"You shouldn't have dropped out of school!" a man yelled from his car at the young man who was walking. Why did the driver make the assumption that the young man had dropped out of school? Was it because the pedestrian had long hair? Was it because the driver often saw the pedestrian walking? Little did the presumptuous older man know that the younger man was on his two mile walk home from the train…the train that took him to college each day where he was earning a 4.0, while working a part-time job on the side.
"Try not to get caught in a rainstorm when you go for an interview," said the career adviser to the young woman who had taken public transportation through a thunderstorm in order to make it to the appointment for which she was paying the older woman $75 of precious borrowed money to help with her resume.
Were these young people "poor people" who were raised in poor families? Not at all. They were middle class people who didn't currently have a car, middle class people who had seen better times.
"Middle class people who have seen better times" are all around us. We rub elbows with them all the time. Many of us "have seen better times" one time or another in our lives.
I remember when I worked part time at J C Penney some years back. Many of the customers treated us salespeople as if we were their lower class servants, as if we have a caste system here, which of course we do not. (I hope.) Perhaps some of the customers who thought they were "better" would have been surprised to learn that one of my co-workers was supplementing her job as an accountant and another was supplementing her job as an elementary school teacher. Who knows why they needed additional money. Perhaps it was just getting hard to make ends meet. Or maybe the other breadwinner in the family had lost his job, or perhaps there were medical needs.
Of course, working at a department store is not a guaranteed income either. The hours are usually "all over the place"…sometimes leaving at 10 at night and returning again at 6 in the morning; sometimes working 30 hours a week; other times working only 8 hours a week. One person I know took a job at a mall anchor store with "guaranteed five hours a week". Sometimes they would want him to come in for two or three hours at a time, which was barely worth the cost of the gasoline to get there, and certainly not enough to eke out even a meager living.
I have left the names out of my stories to 'protect the innocent', as they say, but all the stories are true. I have spoken with many people about today's economy, and these are just a few of the stories I have heard.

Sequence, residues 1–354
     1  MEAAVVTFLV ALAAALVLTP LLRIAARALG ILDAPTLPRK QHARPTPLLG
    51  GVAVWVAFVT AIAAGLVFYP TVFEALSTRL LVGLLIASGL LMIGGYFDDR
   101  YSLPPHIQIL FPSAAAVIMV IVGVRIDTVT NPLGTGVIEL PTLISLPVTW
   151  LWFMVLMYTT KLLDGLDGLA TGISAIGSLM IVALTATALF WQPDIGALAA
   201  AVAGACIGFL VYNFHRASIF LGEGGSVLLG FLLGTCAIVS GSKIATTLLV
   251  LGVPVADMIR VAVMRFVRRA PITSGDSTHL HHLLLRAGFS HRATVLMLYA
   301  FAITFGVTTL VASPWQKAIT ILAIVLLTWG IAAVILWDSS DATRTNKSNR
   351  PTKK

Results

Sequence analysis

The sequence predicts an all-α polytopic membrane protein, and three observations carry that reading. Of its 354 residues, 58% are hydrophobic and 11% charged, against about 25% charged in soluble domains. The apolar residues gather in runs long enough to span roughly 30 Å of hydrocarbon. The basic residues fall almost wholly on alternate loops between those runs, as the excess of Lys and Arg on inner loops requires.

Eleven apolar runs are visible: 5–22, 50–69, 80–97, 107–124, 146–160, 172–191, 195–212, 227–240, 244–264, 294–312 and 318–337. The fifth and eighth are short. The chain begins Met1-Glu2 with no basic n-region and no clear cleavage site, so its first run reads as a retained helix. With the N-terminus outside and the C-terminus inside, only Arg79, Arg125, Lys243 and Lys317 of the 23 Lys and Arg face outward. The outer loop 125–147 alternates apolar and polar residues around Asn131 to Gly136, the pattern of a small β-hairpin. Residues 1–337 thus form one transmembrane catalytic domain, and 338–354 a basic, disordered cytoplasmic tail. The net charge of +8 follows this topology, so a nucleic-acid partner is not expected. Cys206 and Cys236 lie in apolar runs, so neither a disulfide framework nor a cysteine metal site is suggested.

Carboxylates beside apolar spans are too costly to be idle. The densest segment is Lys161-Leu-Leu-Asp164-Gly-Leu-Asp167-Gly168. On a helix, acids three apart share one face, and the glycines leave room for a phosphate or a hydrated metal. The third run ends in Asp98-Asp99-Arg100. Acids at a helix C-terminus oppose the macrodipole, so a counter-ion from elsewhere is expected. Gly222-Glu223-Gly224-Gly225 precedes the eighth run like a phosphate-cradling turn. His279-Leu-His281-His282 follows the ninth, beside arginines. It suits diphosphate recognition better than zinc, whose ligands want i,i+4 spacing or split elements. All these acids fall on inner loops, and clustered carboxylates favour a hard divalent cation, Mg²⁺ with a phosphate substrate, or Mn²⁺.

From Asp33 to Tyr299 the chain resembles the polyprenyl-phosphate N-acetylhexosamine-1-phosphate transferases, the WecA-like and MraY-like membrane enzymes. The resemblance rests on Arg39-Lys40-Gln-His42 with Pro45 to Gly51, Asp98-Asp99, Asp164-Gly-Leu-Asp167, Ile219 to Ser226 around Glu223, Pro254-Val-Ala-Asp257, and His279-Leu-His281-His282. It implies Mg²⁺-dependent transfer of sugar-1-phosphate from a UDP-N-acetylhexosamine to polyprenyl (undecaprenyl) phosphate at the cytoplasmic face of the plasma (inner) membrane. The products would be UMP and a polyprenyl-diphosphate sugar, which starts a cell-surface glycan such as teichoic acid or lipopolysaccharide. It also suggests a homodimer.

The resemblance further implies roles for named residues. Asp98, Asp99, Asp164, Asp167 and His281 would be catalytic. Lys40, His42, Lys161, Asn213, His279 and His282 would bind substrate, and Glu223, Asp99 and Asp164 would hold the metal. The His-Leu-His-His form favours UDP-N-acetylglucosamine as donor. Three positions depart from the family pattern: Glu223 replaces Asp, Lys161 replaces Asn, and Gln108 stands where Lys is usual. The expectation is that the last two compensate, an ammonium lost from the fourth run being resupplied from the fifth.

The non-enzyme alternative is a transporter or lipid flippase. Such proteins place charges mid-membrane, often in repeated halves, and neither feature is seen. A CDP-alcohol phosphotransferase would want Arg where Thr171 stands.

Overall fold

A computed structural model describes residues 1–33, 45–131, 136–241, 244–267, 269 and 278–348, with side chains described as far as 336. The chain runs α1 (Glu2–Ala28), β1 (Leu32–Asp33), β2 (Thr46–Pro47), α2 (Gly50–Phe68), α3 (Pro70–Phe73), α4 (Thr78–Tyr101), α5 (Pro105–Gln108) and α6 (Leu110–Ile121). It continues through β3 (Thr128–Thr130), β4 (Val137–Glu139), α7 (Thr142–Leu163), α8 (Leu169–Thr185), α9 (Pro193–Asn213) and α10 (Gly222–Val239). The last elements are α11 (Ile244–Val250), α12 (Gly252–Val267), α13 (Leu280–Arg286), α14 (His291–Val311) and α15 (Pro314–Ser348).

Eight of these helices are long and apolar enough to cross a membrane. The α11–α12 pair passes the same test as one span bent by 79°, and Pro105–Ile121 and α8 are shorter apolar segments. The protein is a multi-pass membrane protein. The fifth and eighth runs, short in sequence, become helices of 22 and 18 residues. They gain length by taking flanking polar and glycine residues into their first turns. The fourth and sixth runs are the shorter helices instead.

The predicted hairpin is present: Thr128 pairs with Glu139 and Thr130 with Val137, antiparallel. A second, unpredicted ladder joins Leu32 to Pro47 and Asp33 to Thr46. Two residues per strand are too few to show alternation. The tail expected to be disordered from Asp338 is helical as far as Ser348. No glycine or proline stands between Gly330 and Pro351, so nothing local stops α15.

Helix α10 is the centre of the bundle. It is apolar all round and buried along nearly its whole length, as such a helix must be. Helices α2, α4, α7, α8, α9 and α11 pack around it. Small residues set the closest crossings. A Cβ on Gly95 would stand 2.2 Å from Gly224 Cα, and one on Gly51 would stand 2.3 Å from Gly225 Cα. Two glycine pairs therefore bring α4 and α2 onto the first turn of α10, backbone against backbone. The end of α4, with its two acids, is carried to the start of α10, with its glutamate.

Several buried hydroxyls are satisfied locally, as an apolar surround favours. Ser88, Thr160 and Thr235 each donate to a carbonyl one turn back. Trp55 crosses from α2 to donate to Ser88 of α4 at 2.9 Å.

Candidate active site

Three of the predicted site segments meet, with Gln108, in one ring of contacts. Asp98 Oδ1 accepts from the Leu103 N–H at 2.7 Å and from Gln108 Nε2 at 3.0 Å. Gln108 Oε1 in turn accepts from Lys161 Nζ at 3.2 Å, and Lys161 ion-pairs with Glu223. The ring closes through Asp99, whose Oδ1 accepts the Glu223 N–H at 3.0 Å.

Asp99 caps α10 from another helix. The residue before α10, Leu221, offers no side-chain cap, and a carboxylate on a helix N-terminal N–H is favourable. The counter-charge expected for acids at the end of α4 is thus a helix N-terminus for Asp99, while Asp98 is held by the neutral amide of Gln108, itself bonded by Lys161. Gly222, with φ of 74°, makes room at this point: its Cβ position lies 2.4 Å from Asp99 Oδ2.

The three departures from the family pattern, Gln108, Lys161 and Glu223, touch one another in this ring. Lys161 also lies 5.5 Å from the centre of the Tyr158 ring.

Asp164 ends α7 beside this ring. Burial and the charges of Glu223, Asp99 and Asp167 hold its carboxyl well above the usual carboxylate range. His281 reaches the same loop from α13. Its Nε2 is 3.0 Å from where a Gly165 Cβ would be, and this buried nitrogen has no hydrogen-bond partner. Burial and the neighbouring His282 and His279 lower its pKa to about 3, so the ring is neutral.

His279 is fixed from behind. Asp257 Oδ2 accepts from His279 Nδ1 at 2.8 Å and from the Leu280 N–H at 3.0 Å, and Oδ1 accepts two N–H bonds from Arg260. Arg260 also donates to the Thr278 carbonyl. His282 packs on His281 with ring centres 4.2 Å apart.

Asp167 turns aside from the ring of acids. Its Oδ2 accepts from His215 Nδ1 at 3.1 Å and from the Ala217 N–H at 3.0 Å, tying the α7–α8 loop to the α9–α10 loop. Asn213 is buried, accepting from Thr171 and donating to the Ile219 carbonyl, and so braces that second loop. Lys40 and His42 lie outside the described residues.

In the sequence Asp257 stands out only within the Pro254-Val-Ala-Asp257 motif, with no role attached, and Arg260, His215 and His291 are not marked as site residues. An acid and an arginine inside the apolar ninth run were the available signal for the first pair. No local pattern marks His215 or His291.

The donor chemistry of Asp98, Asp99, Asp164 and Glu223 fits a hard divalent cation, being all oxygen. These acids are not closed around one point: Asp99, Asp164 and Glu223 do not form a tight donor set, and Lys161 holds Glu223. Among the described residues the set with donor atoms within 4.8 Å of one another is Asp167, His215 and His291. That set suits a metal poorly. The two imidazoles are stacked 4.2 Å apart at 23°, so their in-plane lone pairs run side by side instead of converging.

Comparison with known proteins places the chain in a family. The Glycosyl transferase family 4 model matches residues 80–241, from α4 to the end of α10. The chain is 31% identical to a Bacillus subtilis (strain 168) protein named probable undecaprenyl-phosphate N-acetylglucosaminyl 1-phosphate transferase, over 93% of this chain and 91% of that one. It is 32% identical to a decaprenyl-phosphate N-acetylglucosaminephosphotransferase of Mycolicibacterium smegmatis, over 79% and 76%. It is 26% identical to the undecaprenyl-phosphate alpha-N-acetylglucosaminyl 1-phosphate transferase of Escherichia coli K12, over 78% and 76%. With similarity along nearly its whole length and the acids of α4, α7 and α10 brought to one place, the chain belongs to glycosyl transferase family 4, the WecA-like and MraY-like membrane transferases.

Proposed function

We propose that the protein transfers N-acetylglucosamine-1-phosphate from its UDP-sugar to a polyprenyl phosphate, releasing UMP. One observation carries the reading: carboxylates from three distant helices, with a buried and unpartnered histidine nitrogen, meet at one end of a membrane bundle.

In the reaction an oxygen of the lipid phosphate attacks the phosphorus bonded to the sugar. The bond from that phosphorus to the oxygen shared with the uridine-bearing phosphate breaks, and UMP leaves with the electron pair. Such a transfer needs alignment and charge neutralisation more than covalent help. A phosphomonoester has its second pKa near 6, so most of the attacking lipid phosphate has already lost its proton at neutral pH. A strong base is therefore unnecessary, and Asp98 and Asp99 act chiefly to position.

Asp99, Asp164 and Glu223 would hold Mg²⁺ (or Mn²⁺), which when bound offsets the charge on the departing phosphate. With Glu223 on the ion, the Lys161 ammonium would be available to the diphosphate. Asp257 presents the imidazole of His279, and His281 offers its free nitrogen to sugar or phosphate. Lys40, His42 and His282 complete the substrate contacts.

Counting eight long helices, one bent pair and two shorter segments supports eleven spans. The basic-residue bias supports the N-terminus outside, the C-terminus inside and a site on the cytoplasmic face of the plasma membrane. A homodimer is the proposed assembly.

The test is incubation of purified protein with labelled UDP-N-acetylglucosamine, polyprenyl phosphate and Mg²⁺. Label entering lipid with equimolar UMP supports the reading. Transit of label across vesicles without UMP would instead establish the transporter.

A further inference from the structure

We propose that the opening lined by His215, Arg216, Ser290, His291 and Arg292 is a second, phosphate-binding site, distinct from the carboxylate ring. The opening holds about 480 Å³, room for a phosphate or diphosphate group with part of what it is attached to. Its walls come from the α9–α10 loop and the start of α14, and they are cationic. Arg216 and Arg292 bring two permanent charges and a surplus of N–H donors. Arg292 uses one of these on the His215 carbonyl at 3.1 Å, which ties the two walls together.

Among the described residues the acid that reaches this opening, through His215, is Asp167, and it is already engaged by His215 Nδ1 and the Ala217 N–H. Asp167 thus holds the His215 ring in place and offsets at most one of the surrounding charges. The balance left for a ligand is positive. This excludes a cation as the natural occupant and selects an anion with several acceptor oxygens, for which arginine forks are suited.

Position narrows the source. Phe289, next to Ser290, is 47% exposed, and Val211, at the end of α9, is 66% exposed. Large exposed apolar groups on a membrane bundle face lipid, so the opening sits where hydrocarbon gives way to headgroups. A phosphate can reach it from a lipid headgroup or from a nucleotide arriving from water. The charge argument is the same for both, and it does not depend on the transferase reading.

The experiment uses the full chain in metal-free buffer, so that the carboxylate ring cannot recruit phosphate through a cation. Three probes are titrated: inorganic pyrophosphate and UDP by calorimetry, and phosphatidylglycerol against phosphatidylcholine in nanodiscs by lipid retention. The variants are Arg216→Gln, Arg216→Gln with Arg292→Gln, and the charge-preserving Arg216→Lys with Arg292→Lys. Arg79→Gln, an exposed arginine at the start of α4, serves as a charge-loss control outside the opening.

One woman I know was happy to obtain a work-at-home job. For less than ten dollars an hour, she was expected to provide and maintain her own computer and wired internet access. But when the company's connection went down - many times each day - it caused outages for all of the employees, keeping them from doing their jobs. The employees were paid for the time they actually worked, not for the time in between which was spent on outages, which were entirely beyond their control.
And then there are the drug testing stories. One woman I know spent two hours on public transportation, followed by a mile's walk, to reach an agency which had offered her a temp job (the job itself was in a location which would be easier for her to access). She arrived at the agency at the specified time, but after she passed the typing test, the agent told her she would need to go two miles down the road to get a drug test. By the time she would be able to get back, going on foot, they would be closed. They offered no suggestions or encouragement.
And that story reminds me of another story. One young man applied to work at a Walmart store. They sent him over 20 miles (each way) for the drug test. Although he had never used drugs in his life, they never got around to calling him back for a job or an interview.
Then there is the ubiquitous 'job' that sounds legitimate, but turns out to be a networking plan, not an income for someone who is out of work…or worse, it turns out to be a complete scam. In the meantime, the prospect has spent money going to a bogus 'interview'. And no, it is not "ignorant" people who waste their time on these scam interviews. Sometimes it is a college graduate with years of work in a professional career.
Why am I sharing all these stories? It's so easy for our automobile-driven society to think – without really thinking about it – that those people who are walking down the street, those people who stand at bus stops, somehow made the choice to be there rather than to be driving a car, or that those who are unemployed need to "just get a job". For any readers who are unemployed, I want to tell you that there is always hope. I know a lot of people who have been laid off who have gotten a job. But for those of us observing, let's just realize that it is neither easy nor instant.
May we remember that those who are unemployed, or underemployed, and those who do not drive a car for whatever reason, whether they were brought up rich, poor, or middle class, are usually not in this situation through their own "fault". Sometimes they need to exercise incredible perseverance and resourcefulness. Sometimes they need a little help, or a little encouragement. But certainly they need and deserve our complete respect and quite often our admiration.